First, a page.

If you are running a popular website with a lot of visitors and use Google Analytics to track them, you might already have heard that you could host the Google Analytics scripts yourself to increase your site's response time. Even I have written a post concerning the impact on loading external scripts and how it impacts your own response time, thus also the user experience of the site.
Concerning Google Analytics, I am not going to argue if that's a good or a bad idea to host the scripts yourself. As a web developer, you have to take that decision yourself; do you want to sacrifice the response time to have a more reliable tracking or is it more important with a faster response time by removing any external dependencies.
The hazards of hosting the scripts yourself
If you decide to host the files yourself, you introduce the risk that the scripts can become old and deprecated (due to Google upgrades the original scripts) and you won't track anything at all. However, there are some solutions to avoid this.
Two kind of solutions
The solutions can be divided into two groups. The idea behind the first group solutions is to automatically update your hosted scripts regularly. The second group of solutions is to be notified when the scripts are out of date and manually update them.
Both solutions have their benefits and disadvantages depending on how much time and effort you want to put down before and after the launch of the site, and how secure you want it.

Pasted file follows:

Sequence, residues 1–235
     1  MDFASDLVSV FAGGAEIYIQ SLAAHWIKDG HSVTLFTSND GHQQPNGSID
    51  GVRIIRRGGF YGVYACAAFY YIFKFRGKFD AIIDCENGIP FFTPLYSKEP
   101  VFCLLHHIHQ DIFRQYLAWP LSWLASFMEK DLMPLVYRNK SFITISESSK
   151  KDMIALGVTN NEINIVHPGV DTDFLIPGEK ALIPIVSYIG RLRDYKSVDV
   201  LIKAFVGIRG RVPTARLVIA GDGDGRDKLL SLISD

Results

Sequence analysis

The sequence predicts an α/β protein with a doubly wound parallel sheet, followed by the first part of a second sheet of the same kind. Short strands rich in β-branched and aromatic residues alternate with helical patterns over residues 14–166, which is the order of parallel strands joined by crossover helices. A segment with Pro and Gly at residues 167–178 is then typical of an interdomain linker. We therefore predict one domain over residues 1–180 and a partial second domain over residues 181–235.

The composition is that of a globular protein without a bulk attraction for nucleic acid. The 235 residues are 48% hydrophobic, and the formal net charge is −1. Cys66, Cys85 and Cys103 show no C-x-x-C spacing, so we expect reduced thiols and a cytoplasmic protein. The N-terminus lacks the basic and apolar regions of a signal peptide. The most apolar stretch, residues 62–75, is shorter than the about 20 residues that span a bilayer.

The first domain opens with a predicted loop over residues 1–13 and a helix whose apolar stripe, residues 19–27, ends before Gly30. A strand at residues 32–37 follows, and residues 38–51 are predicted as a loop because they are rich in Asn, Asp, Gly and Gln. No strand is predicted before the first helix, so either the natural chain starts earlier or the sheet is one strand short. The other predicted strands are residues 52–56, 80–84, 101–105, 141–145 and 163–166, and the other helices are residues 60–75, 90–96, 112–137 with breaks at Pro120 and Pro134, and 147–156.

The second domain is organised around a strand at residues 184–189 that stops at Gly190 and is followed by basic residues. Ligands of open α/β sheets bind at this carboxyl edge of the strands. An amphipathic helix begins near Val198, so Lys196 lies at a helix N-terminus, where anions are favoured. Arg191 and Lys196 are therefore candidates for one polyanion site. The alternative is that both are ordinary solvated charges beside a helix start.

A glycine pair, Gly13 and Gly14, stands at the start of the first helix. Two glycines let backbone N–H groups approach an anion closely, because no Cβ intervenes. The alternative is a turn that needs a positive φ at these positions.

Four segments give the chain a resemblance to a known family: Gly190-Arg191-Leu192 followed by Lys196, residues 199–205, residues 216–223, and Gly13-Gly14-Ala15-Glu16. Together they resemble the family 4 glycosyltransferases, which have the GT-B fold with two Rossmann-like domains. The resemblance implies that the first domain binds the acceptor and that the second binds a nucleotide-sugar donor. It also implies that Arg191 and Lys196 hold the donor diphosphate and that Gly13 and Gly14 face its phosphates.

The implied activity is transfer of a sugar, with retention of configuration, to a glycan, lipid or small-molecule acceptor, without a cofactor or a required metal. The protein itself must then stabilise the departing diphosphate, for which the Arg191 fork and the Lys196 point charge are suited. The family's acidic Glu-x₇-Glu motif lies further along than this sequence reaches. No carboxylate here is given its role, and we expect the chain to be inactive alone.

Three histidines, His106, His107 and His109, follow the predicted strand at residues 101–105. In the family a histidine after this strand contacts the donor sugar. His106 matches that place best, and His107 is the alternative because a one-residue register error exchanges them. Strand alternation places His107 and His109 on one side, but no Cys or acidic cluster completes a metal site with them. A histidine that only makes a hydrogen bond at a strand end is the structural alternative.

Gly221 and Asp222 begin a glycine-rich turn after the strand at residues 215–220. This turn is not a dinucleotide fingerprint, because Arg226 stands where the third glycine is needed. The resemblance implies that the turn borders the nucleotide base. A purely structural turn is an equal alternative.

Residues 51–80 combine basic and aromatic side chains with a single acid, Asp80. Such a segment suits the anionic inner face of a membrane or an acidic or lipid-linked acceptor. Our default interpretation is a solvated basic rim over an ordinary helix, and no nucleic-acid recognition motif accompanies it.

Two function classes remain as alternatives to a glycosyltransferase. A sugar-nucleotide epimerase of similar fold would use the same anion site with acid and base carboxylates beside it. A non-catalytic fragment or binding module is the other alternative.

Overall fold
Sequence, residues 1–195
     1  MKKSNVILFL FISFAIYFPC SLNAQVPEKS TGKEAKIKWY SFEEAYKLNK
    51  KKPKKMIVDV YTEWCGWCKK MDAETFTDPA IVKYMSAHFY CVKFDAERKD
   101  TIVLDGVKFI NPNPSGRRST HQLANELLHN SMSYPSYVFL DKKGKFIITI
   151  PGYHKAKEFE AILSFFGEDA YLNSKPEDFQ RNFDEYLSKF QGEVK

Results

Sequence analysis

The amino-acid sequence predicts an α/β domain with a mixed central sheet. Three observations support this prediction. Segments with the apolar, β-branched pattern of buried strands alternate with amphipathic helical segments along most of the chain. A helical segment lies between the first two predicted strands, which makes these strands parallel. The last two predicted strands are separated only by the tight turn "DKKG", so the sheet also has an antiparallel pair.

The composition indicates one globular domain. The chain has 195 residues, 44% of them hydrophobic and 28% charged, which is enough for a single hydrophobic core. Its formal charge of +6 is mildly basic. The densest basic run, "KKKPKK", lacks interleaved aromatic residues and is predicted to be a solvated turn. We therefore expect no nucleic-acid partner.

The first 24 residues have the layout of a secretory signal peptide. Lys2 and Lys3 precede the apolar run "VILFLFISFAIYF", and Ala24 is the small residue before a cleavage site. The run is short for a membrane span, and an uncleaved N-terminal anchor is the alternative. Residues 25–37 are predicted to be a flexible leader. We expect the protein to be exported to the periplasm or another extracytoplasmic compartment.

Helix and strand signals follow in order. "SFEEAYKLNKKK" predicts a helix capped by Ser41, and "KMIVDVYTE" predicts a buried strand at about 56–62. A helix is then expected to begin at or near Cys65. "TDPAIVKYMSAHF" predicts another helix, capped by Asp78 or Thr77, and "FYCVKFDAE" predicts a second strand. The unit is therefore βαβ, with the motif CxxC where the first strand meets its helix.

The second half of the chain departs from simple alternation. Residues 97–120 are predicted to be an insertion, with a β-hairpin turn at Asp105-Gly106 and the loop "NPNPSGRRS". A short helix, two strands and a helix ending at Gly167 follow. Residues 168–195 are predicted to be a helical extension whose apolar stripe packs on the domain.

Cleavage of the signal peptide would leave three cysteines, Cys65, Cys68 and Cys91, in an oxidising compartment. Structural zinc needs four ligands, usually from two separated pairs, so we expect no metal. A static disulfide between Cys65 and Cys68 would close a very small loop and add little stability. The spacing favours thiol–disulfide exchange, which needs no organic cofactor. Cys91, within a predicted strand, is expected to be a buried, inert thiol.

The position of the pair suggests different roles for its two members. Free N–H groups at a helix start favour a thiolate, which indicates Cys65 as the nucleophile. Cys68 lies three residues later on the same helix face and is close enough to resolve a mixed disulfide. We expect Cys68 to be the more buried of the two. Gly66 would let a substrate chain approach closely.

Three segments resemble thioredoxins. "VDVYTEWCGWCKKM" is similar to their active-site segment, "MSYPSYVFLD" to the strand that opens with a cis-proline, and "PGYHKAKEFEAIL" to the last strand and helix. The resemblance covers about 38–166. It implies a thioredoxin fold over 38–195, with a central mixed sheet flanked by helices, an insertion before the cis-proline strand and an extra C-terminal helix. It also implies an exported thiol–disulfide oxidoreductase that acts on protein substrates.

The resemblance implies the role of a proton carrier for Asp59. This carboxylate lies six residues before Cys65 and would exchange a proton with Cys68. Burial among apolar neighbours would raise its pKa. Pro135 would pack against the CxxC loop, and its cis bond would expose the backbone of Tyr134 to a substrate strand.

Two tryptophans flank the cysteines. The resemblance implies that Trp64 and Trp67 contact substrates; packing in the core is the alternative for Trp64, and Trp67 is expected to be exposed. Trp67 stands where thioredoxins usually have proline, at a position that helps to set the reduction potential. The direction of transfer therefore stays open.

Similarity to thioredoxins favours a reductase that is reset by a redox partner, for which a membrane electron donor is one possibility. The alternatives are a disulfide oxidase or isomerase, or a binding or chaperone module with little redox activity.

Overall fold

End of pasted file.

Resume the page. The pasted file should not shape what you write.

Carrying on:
The benefit of automatically updating the scripts is:
- You do not need to put down time and effort after the site is launched, since the scripts will be automatically be updated a time after Google makes an update.
The disadvantage are:
- Since you want to be nice towards Google, you don't check for updates every five minutes, but perhaps once a week. However, that means if Google updates their scripts, it will temporary make your scripts outdated and possible break the tracking until you automatically update the local scripts.
The benefits of being notified are:
- Usually less time spent in implementation, compared to creating a whole solution that updates the local scripts
The disadvantages are:
- You need to put down time in maintaining the scripts manually, after the site is launched. If you are responsible of several sites, this could easily consume large amounts of time.
Different ways to automatically update the scripts
- Using a scripting language, such as PHP, ASP or JSP, to dynamically cache the files upon requests, as mentioned by Joyce Babu in his post "Speed up Google Analytics using simple PHP Script"
- Creating a system automatic schedules job that regularly updates the files on the disk, as mentioned by Jeff Starr in his post "Optimizing Google Analytics Performance"
Being notified when the your scripts are outdated
- Creating, perhaps, a JUnit test that compares your local scripts with the on-line versions. If the test fails you know they need to be updated. These JUnit tests could be run by an continuous integration system.
- Follow Google's change log and even their RSS feed for changes.
Using Google's asynchronous solution
It is also possible to forget this whole post and implement Google's latest tracking code, which is instead asynchronous based. According to Google it's faster, more accurate and more resistant against errors.